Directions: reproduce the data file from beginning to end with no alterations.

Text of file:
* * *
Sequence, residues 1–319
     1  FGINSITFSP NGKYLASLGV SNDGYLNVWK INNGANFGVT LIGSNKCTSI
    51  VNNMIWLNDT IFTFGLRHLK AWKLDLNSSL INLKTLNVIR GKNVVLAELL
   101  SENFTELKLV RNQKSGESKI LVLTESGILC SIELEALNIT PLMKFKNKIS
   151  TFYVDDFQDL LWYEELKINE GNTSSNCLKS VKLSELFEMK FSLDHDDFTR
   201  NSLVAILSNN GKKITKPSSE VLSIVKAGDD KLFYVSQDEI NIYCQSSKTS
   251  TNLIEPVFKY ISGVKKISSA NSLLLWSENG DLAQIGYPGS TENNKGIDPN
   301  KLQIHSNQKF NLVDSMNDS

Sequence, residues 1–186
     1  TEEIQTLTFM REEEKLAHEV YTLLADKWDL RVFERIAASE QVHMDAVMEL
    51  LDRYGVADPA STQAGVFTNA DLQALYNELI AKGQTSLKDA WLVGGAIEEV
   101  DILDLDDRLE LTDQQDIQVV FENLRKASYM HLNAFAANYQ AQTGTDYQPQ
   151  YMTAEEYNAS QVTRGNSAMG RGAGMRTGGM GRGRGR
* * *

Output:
Sequence, residues 1–319
     1  FGINSITFSP NGKYLASLGV SNDGYLNVWK INNGANFGVT LIGSNKCTSI
    51  VNNMIWLNDT IFTFGLRHLK AWKLDLNSSL INLKTLNVIR GKNVVLAELL
   101  SENFTELKLV RNQKSGESKI LVLTESGILC SIELEALNIT PLMKFKNKIS
   151  TFYVDDFQDL LWYEELKINE GNTSSNCLKS VKLSELFEMK FSLDHDDFTR
   201  NSLVAILSNN GKKITKPSSE VLSIVKAGDD KLFYVSQDEI NIYCQSSKTS
   251  TNLIEPVFKY ISGVKKISSA NSLLLWSENG DLAQIGYPGS TENNKGIDPN
   301  KLQIHSNQKF NLVDSMNDS

Sequence, residues 1–186
     1  TEEIQTLTFM REEEKLAHEV YTLLADKWDL RVFERIAASE QVHMDAVMEL
    51  LDRYGVADPA STQAGVFTNA DLQALYNELI AKGQTSLKDA WLVGGAIEEV
   101  DILDLDDRLE LTDQQDIQVV FENLRKASYM HLNAFAANYQ AQTGTDYQPQ
   151  YMTAEEYNAS QVTRGNSAMG RGAGMRTGGM GRGRGR